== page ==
Opacic quickly became enamored with the exciting sport and took himself to a local kickboxing gym. Instantly, he knew it was what exactly what he’d been looking for.
“I watched the old K-1 shows from back then. I saw those guys, and I thought I wanted to be like them,” he recalls.
“From my first training session, I fell in love with it. I felt that it was part of me. I was still young, just a kid, but right away, I was very serious about it.”
The full-contact combat style resonated with the Belgrade native, and he entered the ring for the first time after just a few months of training. Aged 15, he stepped through the ropes to face an adult, and the bug he’d caught in training was amplified by the chance to perform under the lights.
“My first fight, I remember it was some older guy, and it was Thai boxing rules without the elbows,” Opacic says. “It was an exhibition fight, so they didn’t declare a winner, but I did really good. I enjoyed it. It felt so good. That was it for me.”
There was no doubt that Opacic had ignited his passion – and that nothing could get in the way of his pursuit of glory.
“When I came back to Serbia, I found Kik Boks Klub Sindjelić (KBKS) and continued training there ever since. My friends were hanging out and chasing girls and stuff, but I had my priorities,” he says.
“I started doing amateur fights. I won everything — I became the National Champion, the champion in the Balkan region, European Champion, and World Champion.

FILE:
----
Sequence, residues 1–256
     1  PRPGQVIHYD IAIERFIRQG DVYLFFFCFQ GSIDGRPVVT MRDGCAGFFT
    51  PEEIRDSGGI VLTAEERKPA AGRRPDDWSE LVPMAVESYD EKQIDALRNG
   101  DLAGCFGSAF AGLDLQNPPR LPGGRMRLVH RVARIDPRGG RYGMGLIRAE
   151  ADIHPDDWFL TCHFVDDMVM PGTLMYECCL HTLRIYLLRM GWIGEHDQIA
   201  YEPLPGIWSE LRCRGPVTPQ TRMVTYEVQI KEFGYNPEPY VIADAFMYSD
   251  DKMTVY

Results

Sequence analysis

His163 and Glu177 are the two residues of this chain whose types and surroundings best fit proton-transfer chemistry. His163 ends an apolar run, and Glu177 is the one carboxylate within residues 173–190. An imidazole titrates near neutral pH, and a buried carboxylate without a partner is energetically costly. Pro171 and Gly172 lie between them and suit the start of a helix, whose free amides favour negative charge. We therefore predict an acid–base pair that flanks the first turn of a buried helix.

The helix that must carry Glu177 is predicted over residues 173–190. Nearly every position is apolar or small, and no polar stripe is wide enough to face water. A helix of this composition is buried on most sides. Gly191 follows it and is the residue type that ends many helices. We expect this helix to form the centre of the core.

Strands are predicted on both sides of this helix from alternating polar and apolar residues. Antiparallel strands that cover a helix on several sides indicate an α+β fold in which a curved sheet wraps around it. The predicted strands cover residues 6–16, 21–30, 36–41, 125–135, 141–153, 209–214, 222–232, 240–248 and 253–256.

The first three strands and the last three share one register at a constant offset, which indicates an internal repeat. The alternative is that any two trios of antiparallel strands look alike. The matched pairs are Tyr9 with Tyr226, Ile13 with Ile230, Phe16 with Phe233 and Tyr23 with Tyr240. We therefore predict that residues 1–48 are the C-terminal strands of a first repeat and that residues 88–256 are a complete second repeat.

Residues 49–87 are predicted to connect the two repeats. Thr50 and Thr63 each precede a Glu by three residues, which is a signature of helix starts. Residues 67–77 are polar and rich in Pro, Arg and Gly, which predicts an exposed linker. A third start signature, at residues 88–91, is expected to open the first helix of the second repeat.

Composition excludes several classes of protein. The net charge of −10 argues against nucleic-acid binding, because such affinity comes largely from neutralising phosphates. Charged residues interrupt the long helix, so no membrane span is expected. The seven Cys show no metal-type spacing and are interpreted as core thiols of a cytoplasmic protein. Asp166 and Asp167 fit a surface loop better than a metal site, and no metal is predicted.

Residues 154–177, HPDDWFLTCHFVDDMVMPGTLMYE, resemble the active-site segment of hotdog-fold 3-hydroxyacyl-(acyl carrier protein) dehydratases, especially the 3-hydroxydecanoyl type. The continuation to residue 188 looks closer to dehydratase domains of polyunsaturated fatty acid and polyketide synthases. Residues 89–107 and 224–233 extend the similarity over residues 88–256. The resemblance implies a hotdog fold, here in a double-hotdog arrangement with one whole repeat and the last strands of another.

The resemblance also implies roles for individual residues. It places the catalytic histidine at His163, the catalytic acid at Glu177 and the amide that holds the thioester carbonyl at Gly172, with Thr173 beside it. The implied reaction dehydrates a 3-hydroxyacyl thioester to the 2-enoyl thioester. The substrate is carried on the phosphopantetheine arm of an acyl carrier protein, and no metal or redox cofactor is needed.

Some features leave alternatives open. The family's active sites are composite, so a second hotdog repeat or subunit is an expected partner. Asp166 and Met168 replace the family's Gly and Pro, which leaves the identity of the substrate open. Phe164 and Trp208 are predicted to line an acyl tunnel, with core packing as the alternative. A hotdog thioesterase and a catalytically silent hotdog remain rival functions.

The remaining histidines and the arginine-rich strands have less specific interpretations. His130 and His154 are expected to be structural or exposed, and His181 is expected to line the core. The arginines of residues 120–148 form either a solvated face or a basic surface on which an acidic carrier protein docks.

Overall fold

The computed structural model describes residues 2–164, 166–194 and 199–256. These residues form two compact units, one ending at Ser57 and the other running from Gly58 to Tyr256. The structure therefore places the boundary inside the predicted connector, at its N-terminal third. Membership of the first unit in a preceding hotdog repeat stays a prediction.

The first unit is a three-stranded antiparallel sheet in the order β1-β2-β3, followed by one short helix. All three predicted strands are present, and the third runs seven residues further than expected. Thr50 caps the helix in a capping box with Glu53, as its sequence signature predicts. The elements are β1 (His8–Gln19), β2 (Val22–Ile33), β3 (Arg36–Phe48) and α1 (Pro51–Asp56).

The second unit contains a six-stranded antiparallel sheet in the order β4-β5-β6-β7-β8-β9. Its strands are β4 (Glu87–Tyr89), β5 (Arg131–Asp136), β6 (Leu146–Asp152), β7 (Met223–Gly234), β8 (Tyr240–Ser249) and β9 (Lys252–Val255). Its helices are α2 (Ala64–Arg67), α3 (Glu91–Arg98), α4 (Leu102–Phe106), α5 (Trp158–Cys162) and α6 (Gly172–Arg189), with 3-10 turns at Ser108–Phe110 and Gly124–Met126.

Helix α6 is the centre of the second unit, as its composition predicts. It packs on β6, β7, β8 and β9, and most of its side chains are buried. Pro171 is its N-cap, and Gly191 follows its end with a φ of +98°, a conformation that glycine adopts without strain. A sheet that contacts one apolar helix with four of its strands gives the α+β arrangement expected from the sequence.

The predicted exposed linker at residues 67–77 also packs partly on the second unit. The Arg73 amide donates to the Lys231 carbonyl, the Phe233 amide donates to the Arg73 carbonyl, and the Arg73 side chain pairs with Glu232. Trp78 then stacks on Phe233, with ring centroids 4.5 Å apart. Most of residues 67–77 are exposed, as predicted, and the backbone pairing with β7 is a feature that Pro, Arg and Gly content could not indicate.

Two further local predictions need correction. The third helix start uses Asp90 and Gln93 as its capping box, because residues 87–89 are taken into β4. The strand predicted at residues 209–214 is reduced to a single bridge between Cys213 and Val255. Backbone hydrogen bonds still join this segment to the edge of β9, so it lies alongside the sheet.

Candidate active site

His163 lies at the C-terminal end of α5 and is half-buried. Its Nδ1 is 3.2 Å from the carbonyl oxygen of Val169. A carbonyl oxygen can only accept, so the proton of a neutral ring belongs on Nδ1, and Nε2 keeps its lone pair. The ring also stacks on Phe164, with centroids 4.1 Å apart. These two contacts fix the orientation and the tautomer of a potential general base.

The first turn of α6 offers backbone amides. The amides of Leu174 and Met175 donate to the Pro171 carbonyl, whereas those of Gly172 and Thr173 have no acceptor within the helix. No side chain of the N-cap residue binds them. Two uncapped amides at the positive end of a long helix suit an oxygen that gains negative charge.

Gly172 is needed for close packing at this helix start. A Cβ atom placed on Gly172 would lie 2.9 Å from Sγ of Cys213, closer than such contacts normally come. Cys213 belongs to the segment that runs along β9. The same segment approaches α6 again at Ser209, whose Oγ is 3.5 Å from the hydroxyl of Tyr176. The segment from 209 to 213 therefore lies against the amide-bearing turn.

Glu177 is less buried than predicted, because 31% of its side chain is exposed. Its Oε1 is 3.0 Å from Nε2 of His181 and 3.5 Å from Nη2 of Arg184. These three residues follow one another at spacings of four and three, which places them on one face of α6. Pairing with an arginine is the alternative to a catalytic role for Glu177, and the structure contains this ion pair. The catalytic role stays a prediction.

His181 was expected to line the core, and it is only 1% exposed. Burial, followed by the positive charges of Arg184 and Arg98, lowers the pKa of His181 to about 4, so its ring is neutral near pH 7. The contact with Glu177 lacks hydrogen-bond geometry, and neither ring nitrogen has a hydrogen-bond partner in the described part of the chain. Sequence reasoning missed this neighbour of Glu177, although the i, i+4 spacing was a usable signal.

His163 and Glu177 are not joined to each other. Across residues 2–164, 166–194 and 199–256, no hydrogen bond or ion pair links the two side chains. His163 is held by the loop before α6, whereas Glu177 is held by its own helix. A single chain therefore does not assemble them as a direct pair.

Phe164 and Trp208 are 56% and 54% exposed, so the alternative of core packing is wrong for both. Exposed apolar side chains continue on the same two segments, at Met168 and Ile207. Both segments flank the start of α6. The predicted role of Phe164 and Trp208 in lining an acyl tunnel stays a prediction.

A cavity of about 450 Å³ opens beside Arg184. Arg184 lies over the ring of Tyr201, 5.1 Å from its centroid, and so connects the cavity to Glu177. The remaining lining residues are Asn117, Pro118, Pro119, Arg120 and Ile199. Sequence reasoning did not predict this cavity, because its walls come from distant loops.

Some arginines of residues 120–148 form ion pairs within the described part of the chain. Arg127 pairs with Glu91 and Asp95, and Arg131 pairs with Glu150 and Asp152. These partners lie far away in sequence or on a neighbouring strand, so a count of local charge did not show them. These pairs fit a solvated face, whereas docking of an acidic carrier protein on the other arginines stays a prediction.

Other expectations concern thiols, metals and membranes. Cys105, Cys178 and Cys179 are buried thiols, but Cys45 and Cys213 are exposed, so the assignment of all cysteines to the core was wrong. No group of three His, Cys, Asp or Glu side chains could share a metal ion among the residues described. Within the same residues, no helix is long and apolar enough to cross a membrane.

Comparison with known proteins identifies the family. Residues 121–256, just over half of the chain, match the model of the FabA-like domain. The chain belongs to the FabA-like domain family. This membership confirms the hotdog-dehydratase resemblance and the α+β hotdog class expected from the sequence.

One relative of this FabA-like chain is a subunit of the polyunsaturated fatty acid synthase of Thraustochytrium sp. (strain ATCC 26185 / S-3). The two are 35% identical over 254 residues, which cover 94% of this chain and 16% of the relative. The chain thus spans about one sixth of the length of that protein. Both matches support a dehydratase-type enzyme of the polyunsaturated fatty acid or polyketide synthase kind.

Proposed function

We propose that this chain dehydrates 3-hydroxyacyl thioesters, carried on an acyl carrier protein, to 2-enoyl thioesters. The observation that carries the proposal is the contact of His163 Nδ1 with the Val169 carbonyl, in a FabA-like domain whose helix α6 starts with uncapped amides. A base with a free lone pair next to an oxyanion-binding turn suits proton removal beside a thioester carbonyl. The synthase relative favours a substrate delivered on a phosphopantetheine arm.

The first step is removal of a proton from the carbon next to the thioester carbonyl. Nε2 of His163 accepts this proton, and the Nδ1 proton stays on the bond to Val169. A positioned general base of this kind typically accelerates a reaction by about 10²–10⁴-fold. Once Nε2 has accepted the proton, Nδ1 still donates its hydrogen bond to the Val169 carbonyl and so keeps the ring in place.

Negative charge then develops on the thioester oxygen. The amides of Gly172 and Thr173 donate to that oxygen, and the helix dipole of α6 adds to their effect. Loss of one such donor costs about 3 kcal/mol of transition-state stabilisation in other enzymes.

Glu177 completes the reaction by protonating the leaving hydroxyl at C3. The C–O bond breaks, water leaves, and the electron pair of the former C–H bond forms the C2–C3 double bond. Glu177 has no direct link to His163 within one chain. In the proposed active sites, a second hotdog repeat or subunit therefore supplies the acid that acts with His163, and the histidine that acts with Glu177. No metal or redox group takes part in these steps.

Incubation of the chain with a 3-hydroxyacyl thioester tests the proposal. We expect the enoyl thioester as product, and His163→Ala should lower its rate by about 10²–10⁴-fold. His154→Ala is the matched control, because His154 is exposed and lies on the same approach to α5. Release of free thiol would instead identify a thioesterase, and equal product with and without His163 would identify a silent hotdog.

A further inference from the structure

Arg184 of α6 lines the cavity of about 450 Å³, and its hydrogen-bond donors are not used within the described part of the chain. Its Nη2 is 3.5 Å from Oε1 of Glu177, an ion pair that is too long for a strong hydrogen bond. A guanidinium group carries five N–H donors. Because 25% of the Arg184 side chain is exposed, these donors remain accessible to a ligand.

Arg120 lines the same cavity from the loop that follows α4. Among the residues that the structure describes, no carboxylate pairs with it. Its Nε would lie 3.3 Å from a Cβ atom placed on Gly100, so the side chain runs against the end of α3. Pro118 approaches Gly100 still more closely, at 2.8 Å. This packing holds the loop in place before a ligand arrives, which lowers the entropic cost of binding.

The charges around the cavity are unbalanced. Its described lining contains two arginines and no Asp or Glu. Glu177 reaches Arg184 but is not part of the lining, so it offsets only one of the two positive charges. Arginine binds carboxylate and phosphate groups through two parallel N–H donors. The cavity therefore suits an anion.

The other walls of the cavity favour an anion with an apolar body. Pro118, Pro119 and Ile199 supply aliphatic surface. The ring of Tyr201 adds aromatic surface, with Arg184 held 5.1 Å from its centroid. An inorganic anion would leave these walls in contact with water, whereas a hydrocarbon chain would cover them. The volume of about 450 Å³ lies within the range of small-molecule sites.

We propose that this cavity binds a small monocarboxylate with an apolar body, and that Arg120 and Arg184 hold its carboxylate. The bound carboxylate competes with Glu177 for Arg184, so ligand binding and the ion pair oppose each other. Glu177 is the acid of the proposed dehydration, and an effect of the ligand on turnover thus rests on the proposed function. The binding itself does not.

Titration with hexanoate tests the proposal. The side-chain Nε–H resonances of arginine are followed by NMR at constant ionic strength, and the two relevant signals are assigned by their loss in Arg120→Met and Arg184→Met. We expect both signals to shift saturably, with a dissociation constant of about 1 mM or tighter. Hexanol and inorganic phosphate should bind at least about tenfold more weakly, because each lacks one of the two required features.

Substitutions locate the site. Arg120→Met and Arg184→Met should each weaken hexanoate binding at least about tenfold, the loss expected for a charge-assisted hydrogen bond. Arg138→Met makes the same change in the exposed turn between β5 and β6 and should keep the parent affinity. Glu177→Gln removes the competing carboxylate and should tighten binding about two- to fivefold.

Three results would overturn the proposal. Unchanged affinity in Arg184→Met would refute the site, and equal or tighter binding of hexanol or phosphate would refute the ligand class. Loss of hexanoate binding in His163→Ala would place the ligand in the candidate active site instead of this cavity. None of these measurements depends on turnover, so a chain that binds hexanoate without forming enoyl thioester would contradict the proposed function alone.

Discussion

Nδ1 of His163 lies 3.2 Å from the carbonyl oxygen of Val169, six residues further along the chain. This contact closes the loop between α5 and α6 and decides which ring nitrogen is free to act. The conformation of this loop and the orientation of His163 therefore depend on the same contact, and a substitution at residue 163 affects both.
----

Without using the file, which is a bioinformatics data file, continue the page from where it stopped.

“I just thought, ‘Let’s see what the future will bring.’ I trained and accepted every fight. I was serious and dedicated then, and now I am even more serious.”
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Triumph From Adversity
While Opacic has reached the world’s premier platform for strikers at just 23, his success has not been an exclusively upward trajectory — though no martial arts career is.
But what often defines a fighter is being ready to accept a challenge and seize a big opportunity when it arises – and that’s what the burgeoning Belgrade native did.
“In sports, like life, you get obstacles and you have to keep moving forward. I got some losses and they were tough times, but from that, you have to get stronger, more serious, and work on your mistakes,” he says.